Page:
A Meditation on Two Standards asked us to choose for or against Jesus and his work on behalf of the kingdom of God. Presuming we have opted for Jesus, Ignatius offers two additional meditations during the Second Week, Three Kinds of People[ii] and Three Kinds of Humility.[iii] They are intended to help us recognize the depth of our commitment to active discipleship with Jesus. This article addresses the meditation on Three Kinds of People.
Three Kinds of People
Three Kinds of People makes clear that discipleship with Jesus is more than an intellectual ascent to faith. It also includes incarnating the values of the kingdom of God in this world. This meditation internalizes the experience of A Meditation on Two Standards, as we now discover that discipleship with Jesus requires the inner freedom to put aside self-interest and acquire the indifference to created things so necessary to discern and act upon God’s will.
The exercise unfolds as a story of unexpected wealth acquired through less than entirely appropriate means by three different groups of people. It demonstrates the incoherence of their actions considering their beliefs, and their subsequent attempts to make right their relationship with God.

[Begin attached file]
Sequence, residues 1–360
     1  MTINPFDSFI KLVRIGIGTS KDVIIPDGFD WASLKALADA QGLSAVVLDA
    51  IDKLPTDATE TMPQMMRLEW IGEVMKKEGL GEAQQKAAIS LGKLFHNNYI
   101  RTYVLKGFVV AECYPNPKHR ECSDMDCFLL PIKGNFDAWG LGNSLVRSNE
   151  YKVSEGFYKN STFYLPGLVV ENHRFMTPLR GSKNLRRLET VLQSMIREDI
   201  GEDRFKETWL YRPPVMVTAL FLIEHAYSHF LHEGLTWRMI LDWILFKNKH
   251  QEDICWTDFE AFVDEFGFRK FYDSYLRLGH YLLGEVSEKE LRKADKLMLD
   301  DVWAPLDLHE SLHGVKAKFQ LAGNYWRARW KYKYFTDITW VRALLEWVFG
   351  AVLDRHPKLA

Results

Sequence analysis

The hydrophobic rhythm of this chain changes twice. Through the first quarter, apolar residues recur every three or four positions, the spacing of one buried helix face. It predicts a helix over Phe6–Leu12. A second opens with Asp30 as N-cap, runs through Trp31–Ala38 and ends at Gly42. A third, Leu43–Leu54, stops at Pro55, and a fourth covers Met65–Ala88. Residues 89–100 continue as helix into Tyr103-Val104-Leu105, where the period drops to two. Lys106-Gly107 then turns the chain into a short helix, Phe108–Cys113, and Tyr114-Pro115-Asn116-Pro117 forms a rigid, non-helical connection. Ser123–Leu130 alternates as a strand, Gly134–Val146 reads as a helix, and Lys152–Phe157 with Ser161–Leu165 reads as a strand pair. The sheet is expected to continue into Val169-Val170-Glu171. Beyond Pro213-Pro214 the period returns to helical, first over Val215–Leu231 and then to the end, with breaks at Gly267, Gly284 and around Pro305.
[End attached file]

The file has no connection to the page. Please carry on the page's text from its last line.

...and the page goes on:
Each of three kinds of people has acquired ten thousand ducats, but not entirely as they should have, for the love of God. They all wish to save their souls and find peace in God by ridding themselves of the burden arising from the attachment to the sum acquired, which impedes the attainment of this end.[iv]
Ignatius never says the new-found fortune of these people must be forfeited. He merely states the actions of all involved are disordered and asks us to observe their attempts to reestablish right relationship with God as a precursor for understanding our own disordered desires and their effects upon our relationship with God.
As we prepare to engage this meditation, Ignatius asks us to place ourselves before God and all the saints making known our intention to seek the grace to desire only that which is more pleasing to God.[v]
The First Kind of People[vi]
The first kind of people want to rid themselves of their disordered attachment to the money they have acquired and deepen their relationship with God. However, years pass by and at the hour of their death they have done nothing to resolve their dilemma. Even though they have recognized the primacy of God in their lives, they have made no effort to discern God’s will concerning the wealth they have acquired through disordered behavior. In effect, they have chosen self-interest at the expense of self-transcendence and a willingness to discern God’s will above all else.
The Second Kind of People[vii]
The second kind of people also want to rid themselves of their disordered attachment to the money they have acquired and deepen their relationship with God. However, they do so in a way that has God acquiesce to their desire to maintain possession of their new-found wealth. Through rationalization and self-deception, they have transformed God’s will into their own. They, like the first kind of people, have displaced God with money as the true absolute of their lives, even if they have done so in a more subtle way than the first kind of people.